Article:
means for masking a region including a picture of the obstacle in the reference image in accordance with a contour of the obstacle detected by the means for detecting the obstacle to produce a masked reference image;
means for calculating a reliability of determining the presence of the fog based on the region which is masked in producing the masked reference image;
means for calculating a total luminance intensity as a function of the luminance values of the arrays of the pixels in the masked reference image to obtain a total luminance intensity; and
means for determining the presence of the fog in accordance with the total luminance intensity calculated by the means for calculating the total luminance intensity and the reliability of determining the presence of the fog calculated by the means for calculating the reliability; wherein
the means for calculating a total luminance intensity applies an edge operator to each of the pixels in the masked reference image to calculate each individual edge intensity of the corresponding pixel and calculates a total edge intensity as a sum of the individual edge intensities of the pixels in the masked reference image, and
the means for determining determines the presence of the fog in the environmental atmosphere around the vehicle in accordance with both the total edge intensity calculated by the total luminance calculating means and the reliability of determining the presence of the fog calculated by the reliability calculating means using a fact that the fog in the atmosphere scatters light from the sun which results a smaller value of the total edge intensity than that obtained in the case where the fog is absent in the environmental atmosphere around the vehicle.
8. The apparatus according to claim 1, wherein
the means for calculating the total luminance intensity transforms luminance data including sequential values of luminance of the pixels in each individual array as a sum of base functions with respective coefficients and calculates a total spatial power spectrum of the image based on the coefficients calculated in the transformation of the luminance data, the masked reference image being expressed by sequential values of luminance of the unmasked pixels in each individual array such that a length of the luminance data becomes shorter as the number of values of luminance of the unmasked pixels becomes smaller, and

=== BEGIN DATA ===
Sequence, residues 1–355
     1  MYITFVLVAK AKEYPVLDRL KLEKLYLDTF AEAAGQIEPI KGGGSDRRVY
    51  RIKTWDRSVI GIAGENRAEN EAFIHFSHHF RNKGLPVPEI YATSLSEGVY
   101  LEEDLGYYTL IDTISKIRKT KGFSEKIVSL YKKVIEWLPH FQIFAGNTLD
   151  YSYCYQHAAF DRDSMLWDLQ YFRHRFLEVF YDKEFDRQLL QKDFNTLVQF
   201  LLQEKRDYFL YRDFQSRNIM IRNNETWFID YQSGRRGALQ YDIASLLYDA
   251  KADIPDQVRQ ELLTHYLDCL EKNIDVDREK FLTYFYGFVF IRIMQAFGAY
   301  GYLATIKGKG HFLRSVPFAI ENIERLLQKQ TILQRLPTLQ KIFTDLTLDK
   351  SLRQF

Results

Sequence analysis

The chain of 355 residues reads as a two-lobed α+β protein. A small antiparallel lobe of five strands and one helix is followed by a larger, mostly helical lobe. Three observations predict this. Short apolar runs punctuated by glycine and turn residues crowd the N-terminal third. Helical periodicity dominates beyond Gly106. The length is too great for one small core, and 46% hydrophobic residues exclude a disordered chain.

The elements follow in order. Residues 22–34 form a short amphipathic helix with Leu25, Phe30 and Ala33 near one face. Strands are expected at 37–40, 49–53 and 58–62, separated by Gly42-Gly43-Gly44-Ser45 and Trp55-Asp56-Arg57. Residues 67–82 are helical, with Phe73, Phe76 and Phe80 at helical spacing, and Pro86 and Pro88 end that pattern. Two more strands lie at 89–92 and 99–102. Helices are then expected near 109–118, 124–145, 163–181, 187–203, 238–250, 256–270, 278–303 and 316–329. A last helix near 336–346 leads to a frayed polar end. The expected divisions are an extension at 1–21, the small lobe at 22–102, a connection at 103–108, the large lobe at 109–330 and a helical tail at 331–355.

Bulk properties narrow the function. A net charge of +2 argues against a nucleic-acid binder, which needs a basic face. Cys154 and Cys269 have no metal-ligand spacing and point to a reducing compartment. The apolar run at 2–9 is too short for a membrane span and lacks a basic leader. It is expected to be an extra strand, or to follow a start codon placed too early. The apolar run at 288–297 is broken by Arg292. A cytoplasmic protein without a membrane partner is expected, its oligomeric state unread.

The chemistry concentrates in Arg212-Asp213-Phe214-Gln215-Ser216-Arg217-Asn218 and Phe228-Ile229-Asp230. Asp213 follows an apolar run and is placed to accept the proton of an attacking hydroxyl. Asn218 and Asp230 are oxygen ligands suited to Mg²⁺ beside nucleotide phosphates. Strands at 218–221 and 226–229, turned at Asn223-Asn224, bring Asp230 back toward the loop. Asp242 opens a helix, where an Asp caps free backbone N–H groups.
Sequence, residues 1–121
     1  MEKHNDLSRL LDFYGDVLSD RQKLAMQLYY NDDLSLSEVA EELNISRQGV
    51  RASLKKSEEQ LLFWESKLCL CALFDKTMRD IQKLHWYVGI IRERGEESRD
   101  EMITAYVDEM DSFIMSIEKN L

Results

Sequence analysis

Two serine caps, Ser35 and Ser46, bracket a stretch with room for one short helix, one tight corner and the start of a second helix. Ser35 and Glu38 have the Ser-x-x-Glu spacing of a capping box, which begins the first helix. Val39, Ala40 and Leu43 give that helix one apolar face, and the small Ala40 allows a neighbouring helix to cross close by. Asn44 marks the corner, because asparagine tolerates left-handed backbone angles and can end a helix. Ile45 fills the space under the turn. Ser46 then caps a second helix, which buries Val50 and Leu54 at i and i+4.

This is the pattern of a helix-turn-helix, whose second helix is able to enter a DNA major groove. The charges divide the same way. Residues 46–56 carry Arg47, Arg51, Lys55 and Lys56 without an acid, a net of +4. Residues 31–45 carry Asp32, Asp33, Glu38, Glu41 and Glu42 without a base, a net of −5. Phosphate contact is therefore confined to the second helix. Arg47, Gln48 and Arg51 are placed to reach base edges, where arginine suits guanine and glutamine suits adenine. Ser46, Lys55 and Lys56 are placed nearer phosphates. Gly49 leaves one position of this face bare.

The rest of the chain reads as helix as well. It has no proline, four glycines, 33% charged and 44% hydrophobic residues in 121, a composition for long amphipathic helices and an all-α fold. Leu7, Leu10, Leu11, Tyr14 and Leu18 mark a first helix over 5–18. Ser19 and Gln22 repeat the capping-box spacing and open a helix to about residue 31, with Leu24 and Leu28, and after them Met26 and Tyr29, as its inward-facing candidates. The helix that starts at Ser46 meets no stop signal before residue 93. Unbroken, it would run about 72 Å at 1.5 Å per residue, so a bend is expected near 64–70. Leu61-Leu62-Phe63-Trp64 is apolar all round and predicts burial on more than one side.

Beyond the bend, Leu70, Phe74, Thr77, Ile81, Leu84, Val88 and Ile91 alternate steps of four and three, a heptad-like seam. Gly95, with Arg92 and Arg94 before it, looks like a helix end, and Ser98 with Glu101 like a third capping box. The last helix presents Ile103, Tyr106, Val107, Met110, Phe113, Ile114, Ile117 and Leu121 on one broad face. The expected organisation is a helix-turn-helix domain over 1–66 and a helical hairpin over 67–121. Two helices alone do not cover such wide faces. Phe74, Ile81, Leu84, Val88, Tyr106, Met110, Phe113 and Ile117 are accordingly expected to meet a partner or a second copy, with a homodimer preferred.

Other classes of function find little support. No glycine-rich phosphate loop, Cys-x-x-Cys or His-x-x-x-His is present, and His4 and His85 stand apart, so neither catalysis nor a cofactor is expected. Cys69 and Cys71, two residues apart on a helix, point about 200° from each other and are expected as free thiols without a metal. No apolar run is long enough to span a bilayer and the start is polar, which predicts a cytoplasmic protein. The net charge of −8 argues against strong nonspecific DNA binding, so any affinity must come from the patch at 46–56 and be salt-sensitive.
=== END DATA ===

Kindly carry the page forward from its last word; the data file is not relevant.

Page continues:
the means for determining determines the presence of the fog in the environmental atmosphere around the vehicle in accordance with both the total spatial power spectrum calculated by the total luminance calculating means and the first reliability of determining the presence of the constituent calculated by the reliability calculating means using a fact that the fog in the atmosphere scatters light from the sun which results a smaller value of luminance or a smaller value of the spatial power spectrum than values obtained in the case where the fog is absent in the environmental atmosphere around the vehicle.
9. The apparatus according to claim 2, wherein
the means for calculating the total luminance intensity applies an edge operator to each of the pixels in the masked reference image to calculate each individual edge intensity of the corresponding pixel and calculates a total edge intensity as a sum of the individual edge intensities of the pixels in the masked reference image, and
the means for determining determines the presence of the fog in the environmental atmosphere around the vehicle in accordance with both the total edge intensity calculated by the total luminance calculating means and the reliability of determining the presence of the fog calculated by the reliability calculating means using a fact that the fog in the atmosphere scatters light from the sun which results a smaller value of the total edge intensity than that obtained in the case where the fog is absent in the environmental atmosphere around the vehicle.
10. The apparatus according to claim 2, wherein
the means for calculating the total luminance intensity transforms luminance data including sequential values of luminance of the pixels in each individual array as a sum of base functions with respective coefficients and calculates a total spatial power spectrum of the image based on the coefficients calculated in the transformation of the luminance data, the masked reference image being expressed by sequential values of luminance of the unmasked pixels in each individual array such that a length of the luminance data becomes shorter as the number of values of luminance of the unmasked pixels becomes smaller, and
the means for determining determines the presence of the fog in the environmental atmosphere around the vehicle in accordance with both the total spatial power spectrum calculated by the total luminance calculating means and the reliability of determining the presence of the fog calculated by the reliability calculating means using a fact that the fog in the atmosphere scatters light from the sun which results a smaller value of the total spatial power spectrum than that obtained in the case where the fog is absent in the environmental atmosphere around the vehicle.
11. The apparatus according to claim 8, wherein
the means for calculating the total luminance intensity further applies an edge operator to each of the pixels in the masked reference image to calculate each individual edge intensity of the corresponding pixel and calculates a total edge intensity as a sum of the individual edge intensities of the pixels in the masked reference image,